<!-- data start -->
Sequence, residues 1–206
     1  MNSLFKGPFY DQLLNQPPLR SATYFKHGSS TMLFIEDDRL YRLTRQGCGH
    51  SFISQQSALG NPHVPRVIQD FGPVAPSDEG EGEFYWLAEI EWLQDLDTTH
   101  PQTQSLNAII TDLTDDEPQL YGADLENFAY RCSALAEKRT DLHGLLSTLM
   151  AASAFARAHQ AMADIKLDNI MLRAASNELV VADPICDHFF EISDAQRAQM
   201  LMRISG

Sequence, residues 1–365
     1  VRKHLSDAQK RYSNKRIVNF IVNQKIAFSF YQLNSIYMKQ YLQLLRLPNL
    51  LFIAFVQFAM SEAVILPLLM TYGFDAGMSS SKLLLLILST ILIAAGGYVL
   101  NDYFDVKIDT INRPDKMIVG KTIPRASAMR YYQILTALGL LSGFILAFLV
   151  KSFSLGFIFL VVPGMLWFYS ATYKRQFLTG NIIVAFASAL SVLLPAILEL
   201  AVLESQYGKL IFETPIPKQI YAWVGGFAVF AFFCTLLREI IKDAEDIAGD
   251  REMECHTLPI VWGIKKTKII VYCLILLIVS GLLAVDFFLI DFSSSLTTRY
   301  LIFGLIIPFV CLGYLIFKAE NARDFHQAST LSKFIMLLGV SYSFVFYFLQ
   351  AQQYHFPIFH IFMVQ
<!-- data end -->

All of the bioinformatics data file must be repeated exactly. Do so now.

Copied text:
Sequence, residues 1–206
     1  MNSLFKGPFY DQLLNQPPLR SATYFKHGSS TMLFIEDDRL YRLTRQGCGH
    51  SFISQQSALG NPHVPRVIQD FGPVAPSDEG EGEFYWLAEI EWLQDLDTTH
   101  PQTQSLNAII TDLTDDEPQL YGADLENFAY RCSALAEKRT DLHGLLSTLM
   151  AASAFARAHQ AMADIKLDNI MLRAASNELV VADPICDHFF EISDAQRAQM
   201  LMRISG

Sequence, residues 1–365
     1  VRKHLSDAQK RYSNKRIVNF IVNQKIAFSF YQLNSIYMKQ YLQLLRLPNL
    51  LFIAFVQFAM SEAVILPLLM TYGFDAGMSS SKLLLLILST ILIAAGGYVL
   101  NDYFDVKIDT INRPDKMIVG KTIPRASAMR YYQILTALGL LSGFILAFLV
   151  KSFSLGFIFL VVPGMLWFYS ATYKRQFLTG NIIVAFASAL SVLLPAILEL
   201  AVLESQYGKL IFETPIPKQI YAWVGGFAVF AFFCTLLREI IKDAEDIAGD
   251  REMECHTLPI VWGIKKTKII VYCLILLIVS GLLAVDFFLI DFSSSLTTRY
   301  LIFGLIIPFV CLGYLIFKAE NARDFHQAST LSKFIMLLGV SYSFVFYFLQ
   351  AQQYHFPIFH IFMVQ